Private Equity and Other Carried Interest Funds – Federal Tax Policy Tip Sheet: Issue 2
The Top Line
House GOP leaders on Thursday, Nov. 2, released their anticipated tax-reform proposal. Entitled the "Tax Cuts and Jobs Act," the House Bill includes several proposed changes to the corporate and individual tax system.
From a policy perspective, the bill's proposed changes are in line with the past several months of public debate. From a political perspective, our analysis and discussion with key stakeholders leads us to believe that the bill could be substantially altered as soon as this weekend – in anticipation of its scheduled markup in the House Ways and Means Committee on Monday, Nov. 6. This path in the House will allow the legislation to keep moving while also resolving the big-ticket challenges facing the Republican caucus.
The Senate is expected to release its own proposal next week.
- Carried Interest: There is no mention in the released text of any changes to carried interest.
- Pass-Throughs: As anticipated, the House bill allows a portion of net income distributed by a pass-through entity to an owner or shareholder to be treated as "business income" subject to a maximum rate of 25 percent. We caution that the details of this will change – making its impact on investment firms clearer – and are subject to continuing political and policy debate.
- Corporate Interest Deductibility: Generally, for most businesses interest deductibility is capped at 30 percent of the business's adjusted taxable income.
- For partnerships/net-income: This would be determined at the partnership level instead of the partner level. It also allows a pass-through's unused interest limitation for the taxable year to be used by the pass-through's owners and to ensure that net income from pass-through's would not be double counted at the partner level.
- Small business exception: Businesses with average gross receipts of $25 million or less would be exempt.
- Domestic companies that are part of an international financial reporting group (IFR): The deductible interest is limited for U.S. corporations that are members of an IFR.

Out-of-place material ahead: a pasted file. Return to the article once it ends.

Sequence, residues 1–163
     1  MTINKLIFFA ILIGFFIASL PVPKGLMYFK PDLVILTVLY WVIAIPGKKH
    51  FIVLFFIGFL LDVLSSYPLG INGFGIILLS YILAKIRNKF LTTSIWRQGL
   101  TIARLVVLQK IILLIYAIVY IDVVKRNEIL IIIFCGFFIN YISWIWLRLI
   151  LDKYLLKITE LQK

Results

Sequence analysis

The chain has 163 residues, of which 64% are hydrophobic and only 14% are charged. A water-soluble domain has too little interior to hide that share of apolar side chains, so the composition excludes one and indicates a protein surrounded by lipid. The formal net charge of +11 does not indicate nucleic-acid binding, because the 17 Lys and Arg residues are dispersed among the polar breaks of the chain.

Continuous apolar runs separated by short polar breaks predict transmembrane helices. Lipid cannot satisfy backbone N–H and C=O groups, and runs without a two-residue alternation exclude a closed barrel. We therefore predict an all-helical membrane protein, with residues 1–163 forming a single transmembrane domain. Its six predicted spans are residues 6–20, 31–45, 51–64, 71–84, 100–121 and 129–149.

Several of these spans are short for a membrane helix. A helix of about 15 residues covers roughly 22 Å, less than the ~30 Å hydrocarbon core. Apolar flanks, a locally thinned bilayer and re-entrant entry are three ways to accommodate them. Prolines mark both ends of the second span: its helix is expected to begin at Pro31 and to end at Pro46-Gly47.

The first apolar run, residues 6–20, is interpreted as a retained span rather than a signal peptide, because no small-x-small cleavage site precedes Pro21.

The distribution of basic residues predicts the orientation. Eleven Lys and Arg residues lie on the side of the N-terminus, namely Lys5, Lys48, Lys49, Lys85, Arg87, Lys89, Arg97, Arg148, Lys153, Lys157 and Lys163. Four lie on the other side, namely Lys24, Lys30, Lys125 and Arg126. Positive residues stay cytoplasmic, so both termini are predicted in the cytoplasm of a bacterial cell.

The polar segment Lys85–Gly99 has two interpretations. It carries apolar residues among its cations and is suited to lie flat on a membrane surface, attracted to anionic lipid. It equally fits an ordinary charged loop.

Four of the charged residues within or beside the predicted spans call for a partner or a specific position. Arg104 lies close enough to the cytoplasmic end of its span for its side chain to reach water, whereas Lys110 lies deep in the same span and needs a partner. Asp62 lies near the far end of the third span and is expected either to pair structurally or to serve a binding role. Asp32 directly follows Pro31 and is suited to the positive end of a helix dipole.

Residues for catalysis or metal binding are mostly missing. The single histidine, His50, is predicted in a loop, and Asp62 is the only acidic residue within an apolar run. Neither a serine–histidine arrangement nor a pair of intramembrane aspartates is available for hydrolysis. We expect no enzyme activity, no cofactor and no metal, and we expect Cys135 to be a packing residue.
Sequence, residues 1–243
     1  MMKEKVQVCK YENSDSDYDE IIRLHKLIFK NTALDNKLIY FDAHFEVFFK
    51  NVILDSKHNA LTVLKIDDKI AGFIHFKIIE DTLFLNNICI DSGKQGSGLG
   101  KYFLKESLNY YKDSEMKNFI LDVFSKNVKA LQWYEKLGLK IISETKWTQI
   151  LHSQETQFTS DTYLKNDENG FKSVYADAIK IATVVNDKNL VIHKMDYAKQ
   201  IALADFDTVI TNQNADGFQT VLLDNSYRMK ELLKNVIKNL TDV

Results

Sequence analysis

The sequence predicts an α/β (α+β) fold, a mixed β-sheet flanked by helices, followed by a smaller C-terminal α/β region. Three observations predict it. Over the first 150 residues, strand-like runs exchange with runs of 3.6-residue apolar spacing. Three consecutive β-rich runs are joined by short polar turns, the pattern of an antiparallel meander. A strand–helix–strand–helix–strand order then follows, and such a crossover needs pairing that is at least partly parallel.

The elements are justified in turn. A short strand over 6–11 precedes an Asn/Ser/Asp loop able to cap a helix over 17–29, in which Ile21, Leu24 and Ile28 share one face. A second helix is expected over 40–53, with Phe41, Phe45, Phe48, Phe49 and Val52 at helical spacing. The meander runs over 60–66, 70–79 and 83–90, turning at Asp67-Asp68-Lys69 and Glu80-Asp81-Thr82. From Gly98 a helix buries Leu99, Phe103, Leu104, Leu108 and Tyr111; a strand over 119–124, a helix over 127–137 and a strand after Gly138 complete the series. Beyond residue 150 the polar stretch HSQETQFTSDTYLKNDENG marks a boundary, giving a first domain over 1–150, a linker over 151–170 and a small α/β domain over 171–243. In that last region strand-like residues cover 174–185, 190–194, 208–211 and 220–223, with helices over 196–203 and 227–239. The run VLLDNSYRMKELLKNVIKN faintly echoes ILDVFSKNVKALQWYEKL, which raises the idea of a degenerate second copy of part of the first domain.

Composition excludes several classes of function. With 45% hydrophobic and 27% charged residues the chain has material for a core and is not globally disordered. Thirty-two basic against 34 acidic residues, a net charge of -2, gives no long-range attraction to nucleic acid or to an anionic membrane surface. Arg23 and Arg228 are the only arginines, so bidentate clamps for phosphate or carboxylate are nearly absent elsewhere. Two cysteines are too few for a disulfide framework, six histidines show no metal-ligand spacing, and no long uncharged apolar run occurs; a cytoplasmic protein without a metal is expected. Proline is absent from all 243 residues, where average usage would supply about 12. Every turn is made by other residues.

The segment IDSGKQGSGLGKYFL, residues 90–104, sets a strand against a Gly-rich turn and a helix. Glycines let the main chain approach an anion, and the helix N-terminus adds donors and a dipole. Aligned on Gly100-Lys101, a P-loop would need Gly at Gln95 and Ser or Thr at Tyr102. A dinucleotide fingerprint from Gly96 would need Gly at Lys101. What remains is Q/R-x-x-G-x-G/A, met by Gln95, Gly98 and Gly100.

- CapEx: In an effort to mitigate the impacts in interest deductibility changes, the House bill allows full and immediate expensing (100 percent, for five years after enactment). This may change, in tandem with interest deductibility levels, as revenue needs change during congressional negotiations.
- Repeal of Rollover of Publicly Traded Securities Gain into SBICs: The House bill terminates the ability of an individual or corporation to roll over capital gains realized on the sale of publicly traded securities when the proceeds are used to purchase common stock or a partnership interest in a specialized small business investment corporation (SSBIC).
- Repeal of Technical Termination of Partnerships: The House bill terminates the ability for partnerships to carry out "technical terminations" – i.e., when a partnership terminates only if within a 12-month period there is a sale or exchange of 50 percent or more of the total interests in partnership capital and profits.
With only a handful of legislative days left, we still believe that passing tax legislation by the end of the calendar year is an ambitious target. The House's first move is an important step, which will be followed by the Senate releasing its own draft language. However, both chambers will need to pass their bills separately, then survive an arduous conference process to resolve both substantive and technical differences before the product can be signed into law by the President.
Holland & Knight's Public Policy & Regulation Group will continue to update on the topics above.
For more detail, reach out to Senior Policy Advisor Tom Reynolds, who is a former Republican member of Congress, elected House leader and senior member of the House Ways and Means Committee, or Senior Public Affairs Advisor Paolo Mastrangelo.
Did You Know?
The congressional leaders tasked with shepherding tax reform are Rep. Kevin Brady (R-Texas), Chair of the House Ways and Means Committee, and Sen. Orrin Hatch (R-Utah), Chair of the Senate Finance Committee.
Based on the current Congress (115th), here are some interesting stats about the two GOP leaders, painting contrasting pictures about their respective abilities to move legislation – or perhaps simply to navigate the proclivities and limitations of their own chambers.
- Number of Sponsored Bills: 776 (he is ranked first in his party for highest amount)
- Number of Sponsored Bills Enacted into Law: 57 (again, first among Republicans)
- Number of Sponsored Bills That Leave Committee: 211 (second among Republicans)
- Number of Sponsored Bills: 151 (Ranked 21st among Republicans)
- Number of Sponsored Bills Enacted into Law: 9 (15th among Republicans)
- Number of Sponsored Bills That Leave Committee: 22 (20th among Republicans)
Source: Quorum Analytics
Information contained in this alert is for the general education and knowledge of our readers. It is not designed to be, and should not be used as, the sole source of information when analyzing and resolving a legal problem. Moreover, the laws of each jurisdiction are different and are constantly changing. If you have specific questions regarding a particular fact situation, we urge you to consult competent legal counsel.